Editor's note: With the iPhone OS 3.0 released on June 11, we have revised this review to include the iPhone's new capabilities. Read our updated comparison "Deathmatch rematch: BlackBerry versus iPhone 3.0" for the current comparison. Continue reading the story below for the comparison based on the iPhone 2.x OS.
Look at any major analyst firm report since the Apple iPhone was released, and you'll see the earnest intoning to stick with the buttoned-down and pinstriped BlackBerry -- widely admired in executive corridors for its safety and security -- and beware that odd, colorful, possibly dangerous Apple device that consumers may love but professionals should avoid. If the iPhone were meant for work, it wouldn't be so much fun to use, would it?
Yes, it was Mac versus PC all over again: The iPhone was quickly pigeonholed as a fun, polished device for the cool kids to play with versus the RIM BlackBerry's rep as a corporate standard designed to get work done. As with the Mac-versus-PC dichotomy, Apple's focus on visual interface, exotic technologies like touch, and fun stuff (music, video, and games), coupled with its lack of "serious" capabilities such as encryption, let that perception take root as the conventional wisdom.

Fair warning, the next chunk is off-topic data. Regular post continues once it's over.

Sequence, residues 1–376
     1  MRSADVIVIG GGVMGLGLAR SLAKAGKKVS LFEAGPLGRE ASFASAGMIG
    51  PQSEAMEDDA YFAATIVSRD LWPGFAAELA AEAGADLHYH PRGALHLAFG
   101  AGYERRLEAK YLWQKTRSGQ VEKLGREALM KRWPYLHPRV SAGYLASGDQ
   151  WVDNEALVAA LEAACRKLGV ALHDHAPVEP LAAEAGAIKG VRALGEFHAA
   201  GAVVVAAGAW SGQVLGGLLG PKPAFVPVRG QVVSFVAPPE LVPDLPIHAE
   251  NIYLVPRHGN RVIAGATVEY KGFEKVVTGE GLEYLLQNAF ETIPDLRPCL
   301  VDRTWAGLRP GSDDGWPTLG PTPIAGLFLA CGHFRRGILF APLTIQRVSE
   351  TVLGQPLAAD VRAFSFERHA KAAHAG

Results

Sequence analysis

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I didn't grow up in my corporate life with either an iPhone or a BlackBerry. For me, a phone is something to make calls with, and a PDA handles my contacts and calendar. But a year ago, I replaced my nearly dead Handspring Palm-based PDA with an iPod Touch and quickly grasped the significance of the "modern" PDA -- the importance, from both a personal and a professional point of view, of having the Web, e-mail, and more at my fingertips. To me the iPod Touch, and by extension the iPhone, was about as productive as a PDA could be, yet I saw BlackBerrys everywhere in conferences and business meetings.
What was it about the BlackBerry that I was missing? Would the iPhone really fall short in a business setting?
To find out, I spent a month with an iPhone 3G and a BlackBerry 9000 Bold (the professional model that RIM recommended as the best to compare to an iPhone) to see how well each would fare in my daily grind. (For the answers to that, see my upcoming stories later this week on using the BlackBerry Bold and on using the iPhone 3G as laptop replacements at InfoWorld.com.) In doing so, I also had the chance to compare the two devices in depth: mail to mail, phone to phone, browser to browser, and thumb stroke to touch-tap. In short, I evaluated them based on everything from classic PDA functionality and usability to location-based services and availability of third-party apps.
And how do they stack up? Frankly, I've concluded it's time to bury the BlackBerry. A revolution in its time, thanks to its ability to provide instant, secure e-mail anywhere, the BlackBerry has become the Lotus Notes of the mobile world: It's way past its prime.